Quantcast
Home / Election 2014 / Arizona recognizes Green Party as official party

Arizona recognizes Green Party as official party

The Green Party is now officially recognized as a political party in Arizona.

The Secretary of State’s Office announced on Wednesday that the Arizona Green Party filed enough signatures to be represented by official party ballots starting with the next primary election on Aug. 24. Party candidates will be eligible for the general election on Nov. 2.

According to the Arizona Green Party Web site, it is an alternative political party focusing on grassroots democracy, environmental quality, and social justice.

The Green Party filed signature petitions with the state’s 15 counties, and more than 24,000 were validated and filed with the Secretary of State’s Office on Tuesday.

There are now four officially recognized political parties in the state: The Republican, Democratic and Libertarian and Green.

Copyright 2018 The Associated Press. All rights reserved. This material may not be published, broadcast, rewritten, or redistributed.

2 comments

  1. Nebraska has one Party. How does their party work and take care of the people in Nebraska? There is a saying Too many Cooks spoil the food. England has a House of Lords and a House of Commons. The House of Commons has three parties in it. Arizona which does not believe in Daylight Saving, The Schools are not graded by a system like Florida, A, B, C, D, or F Has emission Testing in only two counties but will pass a law exempting motocyles which travel in a group to all parts of the state is in need of a Green Party,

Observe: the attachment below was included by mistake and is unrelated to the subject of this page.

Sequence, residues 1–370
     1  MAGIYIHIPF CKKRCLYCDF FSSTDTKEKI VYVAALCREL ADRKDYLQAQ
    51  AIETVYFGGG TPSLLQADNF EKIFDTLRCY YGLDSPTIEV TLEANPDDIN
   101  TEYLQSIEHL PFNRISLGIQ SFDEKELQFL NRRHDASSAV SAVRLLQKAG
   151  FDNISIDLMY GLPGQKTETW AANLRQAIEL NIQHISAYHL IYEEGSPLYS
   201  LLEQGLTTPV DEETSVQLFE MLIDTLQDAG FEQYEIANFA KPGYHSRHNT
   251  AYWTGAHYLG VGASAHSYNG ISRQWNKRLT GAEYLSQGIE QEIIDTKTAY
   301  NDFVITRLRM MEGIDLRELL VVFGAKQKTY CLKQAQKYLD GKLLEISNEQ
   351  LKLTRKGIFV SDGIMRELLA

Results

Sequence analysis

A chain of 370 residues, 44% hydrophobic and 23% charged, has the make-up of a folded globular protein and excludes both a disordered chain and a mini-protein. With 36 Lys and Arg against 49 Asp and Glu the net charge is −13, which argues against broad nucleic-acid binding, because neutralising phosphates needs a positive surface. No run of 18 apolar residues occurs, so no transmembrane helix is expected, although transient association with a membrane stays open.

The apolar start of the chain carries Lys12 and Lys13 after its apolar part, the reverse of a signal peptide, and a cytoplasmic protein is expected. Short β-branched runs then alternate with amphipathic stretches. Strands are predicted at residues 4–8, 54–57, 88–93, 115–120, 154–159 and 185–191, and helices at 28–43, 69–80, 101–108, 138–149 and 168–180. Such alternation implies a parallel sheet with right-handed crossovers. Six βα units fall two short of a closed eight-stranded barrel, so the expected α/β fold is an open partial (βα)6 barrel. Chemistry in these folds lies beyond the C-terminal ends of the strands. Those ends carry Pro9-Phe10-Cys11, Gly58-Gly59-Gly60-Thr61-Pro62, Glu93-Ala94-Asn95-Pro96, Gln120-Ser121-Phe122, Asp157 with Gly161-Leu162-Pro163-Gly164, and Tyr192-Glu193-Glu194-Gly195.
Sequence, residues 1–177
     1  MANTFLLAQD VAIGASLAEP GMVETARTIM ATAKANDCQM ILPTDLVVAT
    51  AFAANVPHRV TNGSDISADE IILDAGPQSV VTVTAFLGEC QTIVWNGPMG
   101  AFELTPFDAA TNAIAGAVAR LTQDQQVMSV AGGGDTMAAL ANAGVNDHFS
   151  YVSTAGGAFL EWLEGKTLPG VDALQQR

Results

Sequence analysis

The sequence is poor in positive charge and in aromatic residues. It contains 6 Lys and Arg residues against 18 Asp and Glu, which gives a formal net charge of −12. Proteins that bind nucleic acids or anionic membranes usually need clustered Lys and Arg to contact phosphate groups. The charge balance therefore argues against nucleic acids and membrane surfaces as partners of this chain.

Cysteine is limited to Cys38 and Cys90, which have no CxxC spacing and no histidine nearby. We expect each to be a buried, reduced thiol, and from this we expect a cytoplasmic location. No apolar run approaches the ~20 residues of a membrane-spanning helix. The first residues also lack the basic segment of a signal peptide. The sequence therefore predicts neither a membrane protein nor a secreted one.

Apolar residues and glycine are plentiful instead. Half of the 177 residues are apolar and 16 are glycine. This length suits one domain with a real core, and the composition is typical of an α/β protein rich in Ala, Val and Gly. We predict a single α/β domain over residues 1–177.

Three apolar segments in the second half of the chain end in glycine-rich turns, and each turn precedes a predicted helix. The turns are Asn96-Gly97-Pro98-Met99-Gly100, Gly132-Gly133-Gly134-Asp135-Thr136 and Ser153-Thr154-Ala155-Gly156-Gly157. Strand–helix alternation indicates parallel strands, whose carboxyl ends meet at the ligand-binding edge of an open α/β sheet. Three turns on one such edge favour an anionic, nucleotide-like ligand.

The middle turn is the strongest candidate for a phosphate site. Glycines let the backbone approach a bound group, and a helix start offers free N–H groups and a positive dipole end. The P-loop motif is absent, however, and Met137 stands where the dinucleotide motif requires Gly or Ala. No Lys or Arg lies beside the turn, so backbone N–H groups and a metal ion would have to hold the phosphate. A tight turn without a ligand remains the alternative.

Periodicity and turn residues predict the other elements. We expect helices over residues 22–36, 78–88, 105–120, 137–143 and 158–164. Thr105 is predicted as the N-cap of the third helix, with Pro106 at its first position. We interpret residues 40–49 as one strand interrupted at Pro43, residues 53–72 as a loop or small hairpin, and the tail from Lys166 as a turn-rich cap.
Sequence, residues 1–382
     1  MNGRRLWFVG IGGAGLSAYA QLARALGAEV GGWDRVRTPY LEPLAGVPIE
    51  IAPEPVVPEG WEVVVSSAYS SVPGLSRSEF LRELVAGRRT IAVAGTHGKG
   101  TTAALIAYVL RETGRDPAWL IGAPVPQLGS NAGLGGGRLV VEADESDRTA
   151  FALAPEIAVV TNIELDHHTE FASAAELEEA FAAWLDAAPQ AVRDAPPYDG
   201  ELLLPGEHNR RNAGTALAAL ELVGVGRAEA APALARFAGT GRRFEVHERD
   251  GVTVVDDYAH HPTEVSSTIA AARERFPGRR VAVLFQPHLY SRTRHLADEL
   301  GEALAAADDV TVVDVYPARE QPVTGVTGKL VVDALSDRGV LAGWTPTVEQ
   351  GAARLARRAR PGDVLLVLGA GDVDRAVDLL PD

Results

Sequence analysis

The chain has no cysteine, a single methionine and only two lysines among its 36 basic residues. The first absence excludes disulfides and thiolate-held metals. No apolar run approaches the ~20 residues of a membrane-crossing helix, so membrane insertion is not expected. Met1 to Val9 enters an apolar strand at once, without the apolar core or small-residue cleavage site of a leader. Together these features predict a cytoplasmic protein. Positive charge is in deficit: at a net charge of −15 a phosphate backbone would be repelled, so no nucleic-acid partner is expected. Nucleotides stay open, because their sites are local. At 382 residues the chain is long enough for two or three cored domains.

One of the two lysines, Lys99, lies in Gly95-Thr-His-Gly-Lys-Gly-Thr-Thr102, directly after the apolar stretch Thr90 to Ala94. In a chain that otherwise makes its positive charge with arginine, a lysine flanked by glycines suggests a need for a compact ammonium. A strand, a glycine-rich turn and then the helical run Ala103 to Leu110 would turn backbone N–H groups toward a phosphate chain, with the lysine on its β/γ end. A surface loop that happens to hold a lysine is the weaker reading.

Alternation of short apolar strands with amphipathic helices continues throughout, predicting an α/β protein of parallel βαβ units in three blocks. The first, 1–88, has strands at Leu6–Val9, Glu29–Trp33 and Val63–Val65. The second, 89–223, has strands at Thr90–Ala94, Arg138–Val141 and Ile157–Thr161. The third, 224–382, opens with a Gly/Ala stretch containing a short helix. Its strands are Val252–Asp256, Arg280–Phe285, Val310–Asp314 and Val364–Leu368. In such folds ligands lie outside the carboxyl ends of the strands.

2. Actually, Nebraska has all of the parties that other states have, The difference is that they have a unicameral legislature (only one chamber) that is elected in a non-partisan manner. Well, it’s officially non-partisan, anyway.

Leave a Reply

Your email address will not be published. Required fields are marked *

*

 

x

Check Also

Rep. Trent Franks, R-Ariz., takes his seat before the start of a House Judiciary hearing on Capitol Hill in Washington, Thursday, Dec. 7, 2017, on Oversight of the Federal Bureau of Investigation. Franks says in a statement that he never physically intimidated, coerced or attempted to have any sexual contact with any member of his congressional staff. Instead, he says, the dispute resulted from a discussion of surrogacy. Franks and his wife have 3-year-old twins who were conceived through surrogacy. (AP Photo/Carolyn Kaster)

Suits seek to bar 2 Democrats seeking ex-Rep. Franks’ seat

Two of three Democrats running in the special primary election to replace former U.S. Rep. Trent Franks are facing lawsuits challenging their right to appear on the ballot.